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Passover Reflections and a downloadable Passover Kit!


Dear Friends,

One of the highlights of the Passover seder is the reciting of the Four Questions. Many of us remember standing on a chair, singing the few words we knew and seeing how all the adults admired us for this great singing. Not many of us remember exactly those questions and their meanings. So what in these questions made them the staple of the Passover Seder?

Let’s start with the text:

What differentiates this night from all [other] nights?
On all [other] nights we eat chamets and matsa; this night, only matsa.
On all [other] nights we eat other vegetables; tonight (only) marror.
On all [other] nights, we don’t dip [our food], even one time; tonight [we dip it] twice.
On [all] other nights, we eat either sitting or reclining; tonight we all recline.

If we read this carefully, we will notice that it is not clear whether there are four questions or one question here. We can read all the text as a response to the first line – what differentiates this night from all other nights? Then come four answers for this question. This is an essential question that represent our Jewish story from its beginning. According to the biblical story in the book of Genesis when the world was created the first thing that God did was to differentiate, between light and darkness, between water under and water above, and between water and earth.

The act of differentiation and separation is one of the things that help us grow. When kids ask questions, it usually shows that they have curiosity which is essential for their development. We tell the Passover story through these questions not just to make it more interesting and engaging but also to show our deep understanding and internalizing of the story.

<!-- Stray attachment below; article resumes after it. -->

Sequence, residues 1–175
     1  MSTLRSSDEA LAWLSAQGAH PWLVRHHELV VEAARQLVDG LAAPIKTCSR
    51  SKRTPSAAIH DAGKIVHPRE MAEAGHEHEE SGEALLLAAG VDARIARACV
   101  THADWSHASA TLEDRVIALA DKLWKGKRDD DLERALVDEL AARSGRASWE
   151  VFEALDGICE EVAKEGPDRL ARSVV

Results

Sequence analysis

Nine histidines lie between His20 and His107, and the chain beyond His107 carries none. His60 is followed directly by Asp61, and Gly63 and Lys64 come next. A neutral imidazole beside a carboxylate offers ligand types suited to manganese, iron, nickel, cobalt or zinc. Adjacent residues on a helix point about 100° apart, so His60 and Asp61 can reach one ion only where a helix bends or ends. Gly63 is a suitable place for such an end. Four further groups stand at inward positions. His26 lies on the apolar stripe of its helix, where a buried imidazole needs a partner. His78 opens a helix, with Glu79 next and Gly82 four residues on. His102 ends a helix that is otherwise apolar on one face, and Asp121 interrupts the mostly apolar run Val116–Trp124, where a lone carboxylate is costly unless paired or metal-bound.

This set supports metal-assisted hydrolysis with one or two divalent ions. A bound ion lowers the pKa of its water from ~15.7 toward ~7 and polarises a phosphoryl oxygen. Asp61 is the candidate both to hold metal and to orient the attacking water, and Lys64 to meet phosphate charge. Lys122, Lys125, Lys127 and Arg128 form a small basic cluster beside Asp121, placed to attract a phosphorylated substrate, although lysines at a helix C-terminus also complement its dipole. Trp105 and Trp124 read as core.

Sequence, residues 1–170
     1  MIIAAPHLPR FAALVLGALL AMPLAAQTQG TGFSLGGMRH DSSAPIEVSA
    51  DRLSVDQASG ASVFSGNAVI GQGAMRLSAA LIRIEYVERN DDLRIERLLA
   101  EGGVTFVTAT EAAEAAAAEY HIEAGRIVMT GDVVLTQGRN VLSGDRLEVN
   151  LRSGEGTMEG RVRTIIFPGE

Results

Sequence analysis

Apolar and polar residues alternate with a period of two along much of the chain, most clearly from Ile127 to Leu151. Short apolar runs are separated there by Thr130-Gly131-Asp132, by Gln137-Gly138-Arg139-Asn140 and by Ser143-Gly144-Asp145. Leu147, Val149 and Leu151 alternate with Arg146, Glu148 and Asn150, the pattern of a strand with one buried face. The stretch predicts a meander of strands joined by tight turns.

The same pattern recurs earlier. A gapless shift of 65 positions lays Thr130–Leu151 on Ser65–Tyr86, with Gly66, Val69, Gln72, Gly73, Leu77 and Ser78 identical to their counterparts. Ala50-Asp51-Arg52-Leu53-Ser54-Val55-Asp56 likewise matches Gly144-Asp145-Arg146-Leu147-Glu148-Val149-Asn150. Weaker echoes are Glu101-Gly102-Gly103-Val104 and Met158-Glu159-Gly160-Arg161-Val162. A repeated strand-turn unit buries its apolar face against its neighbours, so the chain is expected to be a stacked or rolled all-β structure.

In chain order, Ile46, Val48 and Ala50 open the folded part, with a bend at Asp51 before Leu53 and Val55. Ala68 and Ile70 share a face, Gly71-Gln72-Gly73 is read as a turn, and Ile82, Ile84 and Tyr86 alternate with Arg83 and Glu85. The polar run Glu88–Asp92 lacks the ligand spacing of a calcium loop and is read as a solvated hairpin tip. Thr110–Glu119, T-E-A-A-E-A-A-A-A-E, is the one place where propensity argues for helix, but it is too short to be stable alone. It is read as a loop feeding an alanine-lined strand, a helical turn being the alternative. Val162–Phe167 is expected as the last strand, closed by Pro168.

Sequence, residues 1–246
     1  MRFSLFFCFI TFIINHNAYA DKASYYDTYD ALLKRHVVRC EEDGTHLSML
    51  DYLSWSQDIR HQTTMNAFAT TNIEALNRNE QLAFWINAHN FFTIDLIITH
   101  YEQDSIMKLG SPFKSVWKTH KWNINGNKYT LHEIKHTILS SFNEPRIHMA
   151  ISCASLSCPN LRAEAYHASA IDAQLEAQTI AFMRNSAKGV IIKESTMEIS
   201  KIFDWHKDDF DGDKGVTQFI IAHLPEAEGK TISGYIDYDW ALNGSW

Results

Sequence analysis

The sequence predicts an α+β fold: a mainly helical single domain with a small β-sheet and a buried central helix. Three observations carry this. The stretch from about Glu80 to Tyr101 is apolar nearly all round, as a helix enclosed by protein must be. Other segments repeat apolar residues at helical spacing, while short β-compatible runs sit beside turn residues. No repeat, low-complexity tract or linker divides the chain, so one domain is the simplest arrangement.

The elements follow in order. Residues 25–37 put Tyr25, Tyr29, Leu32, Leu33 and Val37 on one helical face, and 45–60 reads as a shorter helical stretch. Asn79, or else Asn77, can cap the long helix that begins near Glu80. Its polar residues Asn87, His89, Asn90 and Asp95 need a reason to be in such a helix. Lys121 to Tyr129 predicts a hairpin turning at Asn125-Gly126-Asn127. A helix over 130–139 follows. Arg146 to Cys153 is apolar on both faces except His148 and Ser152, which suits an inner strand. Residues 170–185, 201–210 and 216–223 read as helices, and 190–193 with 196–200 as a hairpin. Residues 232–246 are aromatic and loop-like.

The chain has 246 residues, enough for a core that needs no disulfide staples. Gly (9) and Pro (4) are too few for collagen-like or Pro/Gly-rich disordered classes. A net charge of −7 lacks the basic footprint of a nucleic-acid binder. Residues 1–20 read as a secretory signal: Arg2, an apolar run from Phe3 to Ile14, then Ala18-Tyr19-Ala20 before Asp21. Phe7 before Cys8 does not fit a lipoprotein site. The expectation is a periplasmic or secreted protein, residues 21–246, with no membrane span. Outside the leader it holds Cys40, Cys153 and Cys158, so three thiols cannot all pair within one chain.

When we ask this question on Passover, what is the difference, we acknowledge that we understand how the world works. We understand that there is change is the world, that there is an order and this order is interrupted this night by a different order, as we call this night Seder (order in Hebrew.)

This year the question is echoing even stronger. The world around us has shifted its order and the question of the difference between this night and any other night is stronger. Looking at Israel we ask ourselves what differences this night from all other nights? Here are the four answers we posted on our table in the front lobby: Arbel Yehud is not back home yet, she is still in captivity. Kibbutz Be’eri’s members live in a different Kibbutz these days. Yossi Sharabani, of blessed memory, is not laid to rest. Haim Peri’s 13 grandkids are waiting for him to join their Seder.

The question becomes even harder when we think about these answers and about the Seder that is interrupted this year. How can we celebrate, sing Next Year in Jerusalem, and open our houses to the hungry as we read in the Hagaddah? Many of us wonder whether life continues with its rhythm or we feel the disruption that leads to dispair?

Our Jewish tradition focuses on asking questions, less on their responses. Note that as we mentioned we call this Passover text Four Questions and not one question with four answers. It’s ok not to have a definite answer, it’s ok to come up with various explanations even when they are not complete. However, the question needs to stand and has its own merit. This approach might be important but it’s not necessarily satisfying. What is left for us is hope. When we sing Next Year in Jerusalem we declare that we hope to be in a different place next time, whether it’s physical or not. We believe that event when our questions are not being answered we can expect a difference from this year, and this belief demonstrates our hope.

The poet Iris Eliya Cohen represents this transition from despair to hope in an interesting way that I think can resonate with many of us. She shows us how our simple actions can transform our thinking and our approach to the current situation. It’s a good way to end our Seders this year with this poem and to wish to all of us that next year will be different.

For Weeks I’ve Been Bleeding Poems by Iris Eliya Cohen
(Translated by Jonathan Paradise)

I name the file “sorrow”
I delete Name it “October”
Change it to “7”
Replace it with “chasm”
Change: “chasms”
Name it “hell-like”
I name it “hope”
Command the computer to remember
It responds, “saving hope.”

We have prepared a Passover kit to enhance your holiday. It includes links to many resources, some ideas, recipes, and coloring pages. Click here to download.

Chag Pesach Sameach and Shabbat Shalom,
Rabbi Moriah SimonHazani